Speaking art

Written by Shombit Sengupta | Shombit Sengupta | Updated: Nov 3 2013, 09:14am hrs
After a forceful keynote address on leadership at a conclave organised in the US by one of my business clients, General Colin Powell, former US secretary of state, agreed to pose for photographs with participants. At the opportune moment, I shied away, so the keepsake picture at home has my wife alongside the General, but not me. On her query of my sudden disappearance, I replied, Guernica.

When Nazi and Fascist war planes bombed the Spanish town Gernika during the 1937 Spanish Civil War, Spanish artist Pablo Picasso was furious. He started painting his protest in Guernica, a huge 11x24 feet canvas. This painting has since become an anti-war icon used extensively in 1960s by anti-Vietnam demonstrators. A Guernica reproduction hangs in the UN headquarters in New

York. When in February 2003, Powell presented the US case for declaring war on Iraq, Guernica had to be covered as author Russell Martin wrote. Although I dont support Powells move for war, I admire his sensitivity to conceal Guernica thats so imbued with anti-war messaging.

Art is a medium where you dont require a visiting card. Ive found arts extreme power to always have two elements, execution on canvas or sculpting form, and the artists imagination that creates influence beyond the canvas. Painting is an instrument of war, said Picasso. Art can be a medium of revolt as in Guernica, or it can spark invention. Here are two examples of artists drawing the future, latent movement of society. The automobile was ignited from 14th-century artist

Simon Martinis drawing, while 16th-century artist Leonardo da Vinci first drew the flying machine, the seed of todays aviation industry. Art can be hetero-dimensional, converging ideas to be scientific, philosophical or seductive, communicating different elements to different people to take society forward.

Let me take you to an exhibition of my paintings I was invited to hold in the sophisticated Carlton hotel in Cannes, south of France. As Id started my consulting business, I did not want to sell my paintings, so I informed the hotel my paintings were for exhibition only, not for sale. After the first day of the exhibition, the hotel PR person called to say a genuine art lover and collector wanted to buy four of my paintings, and insisted she has to meet me. The PR person persuaded me to at least meet her. Actually, I found that even holding an exhibition of my simple paintings in this opulent hotel to be a total dissonance. There were so many different fragrances and decor in this lavish hotel, the prime lodging for film personalities to Cannes Film Festival every year. Anyway, for politeness sake, I came from Paris to meet the art lover on the last day of the exhibition.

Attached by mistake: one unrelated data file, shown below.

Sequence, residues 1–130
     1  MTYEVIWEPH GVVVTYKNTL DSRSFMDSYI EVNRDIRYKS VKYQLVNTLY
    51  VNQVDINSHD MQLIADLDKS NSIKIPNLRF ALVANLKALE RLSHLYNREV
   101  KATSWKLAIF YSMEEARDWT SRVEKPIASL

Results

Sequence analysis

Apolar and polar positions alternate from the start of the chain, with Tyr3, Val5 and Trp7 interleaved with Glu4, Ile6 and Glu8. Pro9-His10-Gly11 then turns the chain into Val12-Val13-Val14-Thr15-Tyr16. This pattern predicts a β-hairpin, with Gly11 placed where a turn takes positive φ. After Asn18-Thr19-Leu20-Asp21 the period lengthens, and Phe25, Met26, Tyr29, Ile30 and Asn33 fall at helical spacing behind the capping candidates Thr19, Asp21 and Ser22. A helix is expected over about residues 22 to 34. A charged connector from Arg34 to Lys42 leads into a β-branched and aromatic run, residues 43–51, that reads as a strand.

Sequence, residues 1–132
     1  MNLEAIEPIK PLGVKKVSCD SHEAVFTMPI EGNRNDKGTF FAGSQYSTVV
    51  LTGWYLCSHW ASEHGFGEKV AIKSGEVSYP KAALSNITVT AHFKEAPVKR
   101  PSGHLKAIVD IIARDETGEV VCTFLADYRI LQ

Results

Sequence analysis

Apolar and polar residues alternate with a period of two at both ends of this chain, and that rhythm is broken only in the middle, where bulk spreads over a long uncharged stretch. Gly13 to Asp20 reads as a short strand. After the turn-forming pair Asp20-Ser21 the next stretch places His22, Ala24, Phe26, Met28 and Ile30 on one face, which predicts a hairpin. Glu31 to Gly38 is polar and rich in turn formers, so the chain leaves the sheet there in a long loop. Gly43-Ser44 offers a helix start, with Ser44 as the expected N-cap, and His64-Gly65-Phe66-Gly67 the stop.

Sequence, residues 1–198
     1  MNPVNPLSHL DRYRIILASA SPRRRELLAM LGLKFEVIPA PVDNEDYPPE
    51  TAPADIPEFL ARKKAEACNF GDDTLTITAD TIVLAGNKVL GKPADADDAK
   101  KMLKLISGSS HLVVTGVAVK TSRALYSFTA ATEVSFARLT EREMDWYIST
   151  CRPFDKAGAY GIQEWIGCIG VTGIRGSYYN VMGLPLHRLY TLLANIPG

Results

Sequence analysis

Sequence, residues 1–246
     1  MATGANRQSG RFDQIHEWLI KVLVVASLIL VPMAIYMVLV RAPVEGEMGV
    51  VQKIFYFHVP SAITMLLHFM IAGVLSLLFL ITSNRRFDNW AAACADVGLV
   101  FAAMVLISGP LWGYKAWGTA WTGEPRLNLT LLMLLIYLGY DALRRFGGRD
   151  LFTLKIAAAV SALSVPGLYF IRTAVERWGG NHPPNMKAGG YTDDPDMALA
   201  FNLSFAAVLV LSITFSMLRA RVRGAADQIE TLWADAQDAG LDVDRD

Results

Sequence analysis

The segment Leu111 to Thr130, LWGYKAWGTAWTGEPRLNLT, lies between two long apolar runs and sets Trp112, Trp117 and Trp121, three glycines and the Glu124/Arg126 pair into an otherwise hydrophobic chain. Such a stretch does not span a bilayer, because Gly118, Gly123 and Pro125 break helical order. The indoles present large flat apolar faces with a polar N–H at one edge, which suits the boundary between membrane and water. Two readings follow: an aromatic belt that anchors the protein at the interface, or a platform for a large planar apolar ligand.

She was about 55 years old, we met at the hotel coffee lounge. It was really incredible how she described my paintings, expressing every detail of my art in unbelievable poetic language. She totally paralysed my idea that I cannot sell, saying, Come and see your beautiful paintings in my home any time you want. You can even take them for exhibitions. You dont look like an ego-centric person so why dont you share your art so others can enjoy them Nearly two hours had passed, I was totally mesmerised. You do whatever you want, madame, I heard myself say. She made a finger indication, and a well-dressed gentlemen wearing a black suit and tie waiting at a distance came.

She showed him the paintings and he took them away while I was getting a big envelope from madame.

I have to tell you the way she gave me the cheque. She had already written the cheque, it was inside a gorgeous parchment paper packet, exactly the kind of paper I use when I do water colours. She took it out from her large Louis Vuitton bag. On top of the A4-size envelope was written in French in fine-looking hand calligraphy, Idea and beauty without frontiers. The respect she showed in handing over the cheque in this envelope was not of exchange of money for art: As you didnt tell me the price, just think that you are sharing your art. Later, I realised that art is another medium that brings you closer to an unknown person. As I accompanied madame to her chauffeured Rolls-Royce Silver Cloud, she left saying, Au revoir lartiste.

On opening the envelope, I was astonished that my art can fetch such high value.

From my different art exhibitions in Paris and other provinces in France, Ive come to know a few French women who lead extremely opulent lives. Ive been invited to their homes to chat with them in small groups. They are very curious, often surrounding me with lots of questions on art, my colours, my way of ideation, sometimes, they even ask me to describe my days activities. Although they know

I handle big projects in corporate houses as a consultant, theyve never questioned me on it. Ive observed their discussion with me was always in artistic language. I have never seen their husbands in these meetings, which can be very provocative, even perverted, on bizarre types of topics like bourgeoisie, sex, showbiz or Money makes everything. When you have money you can enjoy all.

One day, one of the women asked a question to which I still dont have an answer: You always paint on a white canvas, did you ever try a black canvas Another woman replied, He may not have painted in black canvas because his life started from poverty, it might already be his black canvas. What bothers me in such genuine, opulent French aristocrats is their condescending attitude of sympathy for poor people whom they can never know. Another question I have is, apart from art, what could be in their minds But the idea theyve planted in my mind is still in my agenda. I have to do a series of paintings on black canvas.

Shombit Sengupta is an international consultant to top management on differentiating business strategy with execution excellence